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The #1 Reason SAT & ACT Essays Score Low

It’s a far too common story: students that frequently score A’s on their essays in school come up short on the SAT or ACT. Unfortunately, normally proficient writers can end up scoring lower than expected on test day.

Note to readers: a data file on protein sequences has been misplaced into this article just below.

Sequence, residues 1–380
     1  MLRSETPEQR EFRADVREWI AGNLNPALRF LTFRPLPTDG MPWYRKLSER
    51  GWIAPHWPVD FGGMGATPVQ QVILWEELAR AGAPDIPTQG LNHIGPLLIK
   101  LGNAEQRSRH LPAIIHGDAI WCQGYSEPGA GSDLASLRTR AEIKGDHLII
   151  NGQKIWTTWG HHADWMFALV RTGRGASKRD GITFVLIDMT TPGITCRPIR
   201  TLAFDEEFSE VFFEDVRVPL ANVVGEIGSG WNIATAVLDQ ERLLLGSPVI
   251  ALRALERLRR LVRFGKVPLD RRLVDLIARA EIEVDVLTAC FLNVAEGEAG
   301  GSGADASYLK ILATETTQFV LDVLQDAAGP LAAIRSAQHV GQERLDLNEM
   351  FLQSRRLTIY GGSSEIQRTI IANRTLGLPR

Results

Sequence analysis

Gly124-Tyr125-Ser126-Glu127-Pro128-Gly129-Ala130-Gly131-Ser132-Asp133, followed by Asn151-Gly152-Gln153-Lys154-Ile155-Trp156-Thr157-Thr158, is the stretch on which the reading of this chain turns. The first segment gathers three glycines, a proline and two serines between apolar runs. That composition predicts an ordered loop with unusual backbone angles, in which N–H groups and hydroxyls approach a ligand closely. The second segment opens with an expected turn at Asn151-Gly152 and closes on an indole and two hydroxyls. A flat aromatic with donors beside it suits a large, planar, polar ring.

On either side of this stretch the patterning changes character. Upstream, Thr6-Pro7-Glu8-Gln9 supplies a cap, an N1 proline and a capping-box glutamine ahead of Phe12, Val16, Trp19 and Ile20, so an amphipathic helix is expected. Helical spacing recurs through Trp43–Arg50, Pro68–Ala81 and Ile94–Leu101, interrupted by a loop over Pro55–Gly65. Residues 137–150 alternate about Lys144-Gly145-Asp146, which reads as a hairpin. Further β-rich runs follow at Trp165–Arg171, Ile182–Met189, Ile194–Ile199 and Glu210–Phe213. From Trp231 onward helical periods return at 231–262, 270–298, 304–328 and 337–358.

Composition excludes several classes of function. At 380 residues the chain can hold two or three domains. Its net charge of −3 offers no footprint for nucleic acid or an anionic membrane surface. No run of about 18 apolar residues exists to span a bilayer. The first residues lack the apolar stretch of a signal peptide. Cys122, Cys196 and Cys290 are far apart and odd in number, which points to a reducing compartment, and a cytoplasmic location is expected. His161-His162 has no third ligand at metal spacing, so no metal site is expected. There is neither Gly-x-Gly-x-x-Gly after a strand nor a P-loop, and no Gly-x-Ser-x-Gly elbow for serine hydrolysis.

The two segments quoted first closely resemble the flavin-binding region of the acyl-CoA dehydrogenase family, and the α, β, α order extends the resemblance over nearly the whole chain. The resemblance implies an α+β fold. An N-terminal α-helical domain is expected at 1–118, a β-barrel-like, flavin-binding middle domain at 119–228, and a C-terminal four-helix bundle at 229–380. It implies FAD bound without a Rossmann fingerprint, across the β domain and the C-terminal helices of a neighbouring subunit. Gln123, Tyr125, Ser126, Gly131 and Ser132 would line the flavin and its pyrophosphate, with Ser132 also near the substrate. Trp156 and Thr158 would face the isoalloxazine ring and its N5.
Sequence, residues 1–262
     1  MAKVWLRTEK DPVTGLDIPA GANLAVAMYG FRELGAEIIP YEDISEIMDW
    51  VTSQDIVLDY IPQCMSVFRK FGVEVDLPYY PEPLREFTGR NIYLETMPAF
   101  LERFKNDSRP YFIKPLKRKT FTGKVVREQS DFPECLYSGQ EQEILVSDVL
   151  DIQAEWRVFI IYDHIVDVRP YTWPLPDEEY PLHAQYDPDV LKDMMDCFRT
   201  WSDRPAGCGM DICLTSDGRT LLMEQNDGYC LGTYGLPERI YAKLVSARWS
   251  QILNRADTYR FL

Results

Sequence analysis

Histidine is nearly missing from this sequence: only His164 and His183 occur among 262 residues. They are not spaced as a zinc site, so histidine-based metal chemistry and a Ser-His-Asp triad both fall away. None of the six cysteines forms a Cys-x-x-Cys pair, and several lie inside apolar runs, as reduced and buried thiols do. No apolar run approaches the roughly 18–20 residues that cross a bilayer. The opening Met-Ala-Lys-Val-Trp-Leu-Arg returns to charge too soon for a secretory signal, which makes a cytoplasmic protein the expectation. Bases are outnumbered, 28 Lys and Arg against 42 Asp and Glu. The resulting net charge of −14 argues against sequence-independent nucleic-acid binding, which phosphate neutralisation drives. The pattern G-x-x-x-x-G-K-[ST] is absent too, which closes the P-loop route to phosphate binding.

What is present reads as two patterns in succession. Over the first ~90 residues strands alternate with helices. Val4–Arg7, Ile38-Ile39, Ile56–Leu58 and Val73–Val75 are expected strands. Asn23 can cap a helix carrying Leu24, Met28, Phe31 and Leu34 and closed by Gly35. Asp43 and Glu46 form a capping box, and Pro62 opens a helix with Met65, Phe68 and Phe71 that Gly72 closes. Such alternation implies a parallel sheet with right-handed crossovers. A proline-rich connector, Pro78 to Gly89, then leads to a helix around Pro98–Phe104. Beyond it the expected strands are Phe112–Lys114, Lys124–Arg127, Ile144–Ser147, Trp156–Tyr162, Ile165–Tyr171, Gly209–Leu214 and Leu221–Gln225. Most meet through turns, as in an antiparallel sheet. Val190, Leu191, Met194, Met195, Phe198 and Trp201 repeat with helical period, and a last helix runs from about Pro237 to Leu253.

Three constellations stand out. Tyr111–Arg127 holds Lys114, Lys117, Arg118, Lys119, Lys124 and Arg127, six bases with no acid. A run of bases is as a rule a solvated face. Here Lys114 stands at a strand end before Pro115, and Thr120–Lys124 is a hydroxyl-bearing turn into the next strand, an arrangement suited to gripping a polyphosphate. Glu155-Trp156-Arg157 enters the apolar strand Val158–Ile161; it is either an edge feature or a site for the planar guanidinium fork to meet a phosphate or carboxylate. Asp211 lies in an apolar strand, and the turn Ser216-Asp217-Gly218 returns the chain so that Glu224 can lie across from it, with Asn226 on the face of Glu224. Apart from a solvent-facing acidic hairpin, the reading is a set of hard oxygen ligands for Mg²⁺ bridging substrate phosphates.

Why the difference? Why are so many students disappointed in their essay score on the SAT or ACT?  It’s a simple answer: most essays miss the mark because they lack a clear thesis. A clear thesis is the most important element to scoring high on both the SAT and the ACT essay.  While a clear thesis may be important on a school essay, it is paramount to a good score on the SAT and ACT. Without it, you can score no higher than a five out of a possible six, and in many cases not better than a four.  Most baffling is how unmistakably easy it is to communicate a clear thesis. Both the SAT and the ACT offer a question in which the writer must pick a side. Test scorers could care less which side you take as long as you take a side.  Score higher by stating only one side of the argument. Make it patently obvious which side you take. The easy route is to answer the prompt in the positive or the negative, whichever will be the argument you develop in your essay. You don’t need a catchy opening as some people might suggest. Just spell out your main point and hit the reader over the head by repeating it throughout the essay. After reading your essay, there should be no mistake as to your perspective on the issue.  Sounds simple, and it really is. Unfortunately, even the best writers get lost in their own prose. Avoid a low score on your essay by making a clear point and sticking with it.  Learn more test tips by reading “2400 SCORES: 24 Life Lessons to Demystify the SAT® and Boost Your Score” by Brooke Higgins available at Amazon Contact CROSSWALK to learn about SAT and ACT Boot Camps, private test prep and academic tutoring for all subjects on the Monterey Peninsula. 

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